We need to come up with a better plan. What is the thing that could flip the switch and change everything? Perhaps 2023 could be the year we subvert everything through what Annie Lennox calls global feminism, and we finally embrace feminist fashion. Women are the biggest consumers of clothes and accessories, and women are most of the workforce who produce them (80% of garment workers are female). In the Global North we keep marching for women’s rights and equality, while we are happy to wear clothes sewn by enslaved and abused women in the Global South. It doesn’t make sense, does it? Rather than talking about “sustainable fashion” (a term I can’t even hear anymore), what about refocusing and making our clothes a real force of feminists’ action?
Vivienne Westwood RTW Fall 2022
The beginning of the “eco-friendly” fashion movement has seen plenty of amazing female designers in the driving seat – from Katharine Hamnett to Vivienne Westwood and Stella McCartney. Yet we never included the garment workers, the cotton pickers, the millions of women working across the supply chain along with it. Why? How did that happen? And what if we operated in a different way – considering them, respecting them, and fighting for them, both at brand and consumer level? What if brands ensured their workers are paid a living wage and have their human rights respected while we, in turn, see the face of the woman who made our new dress? Would that change everything? I hope so.
Native American fashion designer Bethany Yellowtail says it beautifully, “Everything is connected. What we create and how we do business ripples into the world. The industry needs to urgently lean into uplifting vulnerable populations, cultivate community, and create a vision forward with future generations in mind. There needs to be a real shift into equitable collaboration. With my B.Yellowtail brand, we have helped create a culture shift for Native American artists and entrepreneurs. For generations we’ve only seen the fashion industry exploit and profit without any repercussions or benefit to our people. It’s a beautiful thing to see more Native people and communities benefit from our creativity and ancestral rights.”
Fashion Revolution’s Who Made my Clothes campaign ensures greater transparency for the talented people behind the clothes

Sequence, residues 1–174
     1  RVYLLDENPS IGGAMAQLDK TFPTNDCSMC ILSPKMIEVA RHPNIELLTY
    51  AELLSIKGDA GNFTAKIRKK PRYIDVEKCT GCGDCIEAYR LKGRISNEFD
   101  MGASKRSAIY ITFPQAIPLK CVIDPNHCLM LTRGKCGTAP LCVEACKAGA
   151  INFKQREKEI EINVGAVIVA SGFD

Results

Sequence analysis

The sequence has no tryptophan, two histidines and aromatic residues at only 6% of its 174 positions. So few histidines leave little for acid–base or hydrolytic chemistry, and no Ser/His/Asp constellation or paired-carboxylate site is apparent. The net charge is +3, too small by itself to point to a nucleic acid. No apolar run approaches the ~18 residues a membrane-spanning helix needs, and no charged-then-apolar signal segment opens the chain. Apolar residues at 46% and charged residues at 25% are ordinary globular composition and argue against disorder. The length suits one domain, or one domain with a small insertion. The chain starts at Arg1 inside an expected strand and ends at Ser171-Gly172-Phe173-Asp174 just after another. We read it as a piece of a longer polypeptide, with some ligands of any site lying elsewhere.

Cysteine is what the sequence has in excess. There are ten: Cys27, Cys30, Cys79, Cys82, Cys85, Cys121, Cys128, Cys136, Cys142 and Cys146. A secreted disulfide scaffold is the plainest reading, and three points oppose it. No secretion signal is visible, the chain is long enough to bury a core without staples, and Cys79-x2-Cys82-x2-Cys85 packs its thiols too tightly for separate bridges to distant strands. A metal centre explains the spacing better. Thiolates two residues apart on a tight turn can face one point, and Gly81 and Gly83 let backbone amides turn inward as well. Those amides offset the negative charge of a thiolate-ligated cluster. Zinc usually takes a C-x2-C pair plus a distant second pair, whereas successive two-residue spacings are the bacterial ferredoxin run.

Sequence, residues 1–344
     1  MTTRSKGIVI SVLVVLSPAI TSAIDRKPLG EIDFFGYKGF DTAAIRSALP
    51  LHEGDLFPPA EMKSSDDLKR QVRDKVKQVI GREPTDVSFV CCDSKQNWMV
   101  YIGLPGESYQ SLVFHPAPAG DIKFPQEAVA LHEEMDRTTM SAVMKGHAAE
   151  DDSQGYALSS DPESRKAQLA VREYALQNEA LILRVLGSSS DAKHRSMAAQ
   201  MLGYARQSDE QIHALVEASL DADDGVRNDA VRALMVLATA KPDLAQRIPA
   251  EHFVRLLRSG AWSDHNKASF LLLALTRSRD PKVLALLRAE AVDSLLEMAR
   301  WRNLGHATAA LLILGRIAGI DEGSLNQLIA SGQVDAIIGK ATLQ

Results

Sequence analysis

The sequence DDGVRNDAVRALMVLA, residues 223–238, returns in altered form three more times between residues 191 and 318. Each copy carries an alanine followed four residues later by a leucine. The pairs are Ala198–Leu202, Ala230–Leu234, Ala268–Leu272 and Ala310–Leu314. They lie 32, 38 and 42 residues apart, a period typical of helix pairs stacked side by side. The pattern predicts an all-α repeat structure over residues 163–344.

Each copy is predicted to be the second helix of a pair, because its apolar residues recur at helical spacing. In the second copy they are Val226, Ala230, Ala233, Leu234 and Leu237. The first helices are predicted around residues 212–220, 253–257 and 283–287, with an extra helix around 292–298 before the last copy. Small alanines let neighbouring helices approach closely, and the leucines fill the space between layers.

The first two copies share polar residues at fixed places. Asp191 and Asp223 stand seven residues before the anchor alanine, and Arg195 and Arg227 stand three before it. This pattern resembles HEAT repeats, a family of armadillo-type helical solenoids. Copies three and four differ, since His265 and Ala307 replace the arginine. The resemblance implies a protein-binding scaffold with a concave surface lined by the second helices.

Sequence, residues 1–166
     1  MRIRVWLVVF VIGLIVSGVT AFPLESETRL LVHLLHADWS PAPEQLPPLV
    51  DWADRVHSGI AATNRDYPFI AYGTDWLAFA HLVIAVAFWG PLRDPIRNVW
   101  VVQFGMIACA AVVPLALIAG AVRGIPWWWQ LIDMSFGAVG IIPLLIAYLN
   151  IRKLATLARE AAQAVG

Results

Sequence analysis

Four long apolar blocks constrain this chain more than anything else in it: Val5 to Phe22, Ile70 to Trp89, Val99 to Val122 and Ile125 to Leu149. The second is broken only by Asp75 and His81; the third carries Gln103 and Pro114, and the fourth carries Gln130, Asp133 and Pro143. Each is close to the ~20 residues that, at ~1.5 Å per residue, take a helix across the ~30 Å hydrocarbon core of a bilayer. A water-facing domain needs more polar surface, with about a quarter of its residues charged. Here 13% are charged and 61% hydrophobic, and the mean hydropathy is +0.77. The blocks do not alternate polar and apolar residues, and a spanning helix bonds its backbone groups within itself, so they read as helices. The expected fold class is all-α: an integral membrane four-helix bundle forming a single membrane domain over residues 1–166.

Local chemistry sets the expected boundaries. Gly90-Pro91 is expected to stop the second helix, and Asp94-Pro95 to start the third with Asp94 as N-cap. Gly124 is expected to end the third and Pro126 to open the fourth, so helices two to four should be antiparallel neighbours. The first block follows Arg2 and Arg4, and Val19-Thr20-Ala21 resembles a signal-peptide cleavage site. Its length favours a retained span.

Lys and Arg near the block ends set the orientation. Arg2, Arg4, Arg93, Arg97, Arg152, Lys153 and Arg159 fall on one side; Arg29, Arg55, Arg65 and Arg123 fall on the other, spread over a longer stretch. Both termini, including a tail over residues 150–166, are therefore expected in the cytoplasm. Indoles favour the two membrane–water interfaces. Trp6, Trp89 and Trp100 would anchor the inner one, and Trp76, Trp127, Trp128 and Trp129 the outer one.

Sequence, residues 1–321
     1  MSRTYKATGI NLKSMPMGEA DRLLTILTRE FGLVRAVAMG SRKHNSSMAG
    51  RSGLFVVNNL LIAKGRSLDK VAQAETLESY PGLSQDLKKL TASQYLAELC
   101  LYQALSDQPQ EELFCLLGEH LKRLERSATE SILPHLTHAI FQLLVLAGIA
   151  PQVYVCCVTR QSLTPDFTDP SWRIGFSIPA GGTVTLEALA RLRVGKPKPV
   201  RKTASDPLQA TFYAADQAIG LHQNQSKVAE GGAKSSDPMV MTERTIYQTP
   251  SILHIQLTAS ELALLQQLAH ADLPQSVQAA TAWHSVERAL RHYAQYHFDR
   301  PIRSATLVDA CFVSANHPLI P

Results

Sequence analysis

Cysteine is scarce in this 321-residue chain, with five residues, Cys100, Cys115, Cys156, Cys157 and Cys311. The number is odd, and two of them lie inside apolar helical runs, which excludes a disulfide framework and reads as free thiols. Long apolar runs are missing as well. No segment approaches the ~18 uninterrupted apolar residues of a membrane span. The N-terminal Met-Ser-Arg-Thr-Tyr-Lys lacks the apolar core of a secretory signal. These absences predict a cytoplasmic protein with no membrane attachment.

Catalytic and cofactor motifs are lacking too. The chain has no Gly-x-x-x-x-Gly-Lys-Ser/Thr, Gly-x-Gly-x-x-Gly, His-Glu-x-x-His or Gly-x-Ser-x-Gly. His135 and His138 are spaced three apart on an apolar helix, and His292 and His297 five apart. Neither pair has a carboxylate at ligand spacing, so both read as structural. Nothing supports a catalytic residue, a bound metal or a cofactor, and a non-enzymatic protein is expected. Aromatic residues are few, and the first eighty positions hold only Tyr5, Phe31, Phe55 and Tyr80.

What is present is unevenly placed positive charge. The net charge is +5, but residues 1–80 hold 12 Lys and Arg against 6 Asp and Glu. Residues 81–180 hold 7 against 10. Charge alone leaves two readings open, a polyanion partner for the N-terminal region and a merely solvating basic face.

Her message is loud and clear, and we have seen the success of campaigns like Fashion Revolution’s Who Made my Clothes. Yet we still don’t notice or care enough to make it a priority, as women, to support other women in fashion’s global supply chains. So how can we start a new chapter? According to Aurora James, founder of Brother Vellies and the Fifteen Percent Pledge, “Fashion designers, along with leaders in all other production-based industries, must be intentional about what they are putting into the world.” She continues, “What are these products made of, and by who? The industry must evolve into a more inclusive space and give opportunity to those who have been historically repressed. I am constantly inspired by the artisans we work with at Brother Vellies. We partner with carefully selected, talented artisans who are leaders in their respective fields. Sustainability means building products that are meant to last, treating one another with respect, and thinking about the impact we are leaving on the world.”
Ahead of Christmas, nonprofit organization Fashion Revolution brought focus on the amount of unwanted clothing and textiles being sent to landfills
The same is true for American designer Angel Chang. “We partner with a local non-profit, the Tang’an Dong Ethnic Eco-Museum, in the village in China where our collection is crafted. They built a workshop, dye facility, and library for the community’s use and we worked together with the artisans to create a framework for production costs and timing. During the pandemic, when I was unable to travel there, the artisans began training each other. So now our workshop is completely artisan-run! They take care of each other and manage the production timing based on their farming schedule and weather. Our relationship has turned into a true collaboration. It was important to me to live with the local communities to see how they work and what they care about. To have a more just fashion industry, we need a bottom-up approach, where factory workers are asked what they need and value first – and then build the factory and production from that foundation.” The same, I can add, is true for us – what do we want to value first? What will make us rise and protest, shout and defend, and be proud not of the clothes we wear but the stories of the women who made them? Hopefully it won’t take us another year to figure this out.
Originally published in the January 2023 issue of Vogue Arabia
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Kourtney Kardashian for Boohoo
The heat is rising for Kourtney Kardashian, as criticism of her current and upcoming collaborations with Boohoo and her appointment as the brand’s ‘sustainability ambassador’ refuses to slow down – and key environmental players including Livia Firth aren’t pulling any punches.
Firth, a long-time critic of fast fashion and greenwashing through her organization Eco-Age and Vogue Arabia’s sustainability editor, didn’t hold back in an Instagram post, highlighting the problems with raising awareness of the damage fast fashion does, while still promoting and producing it.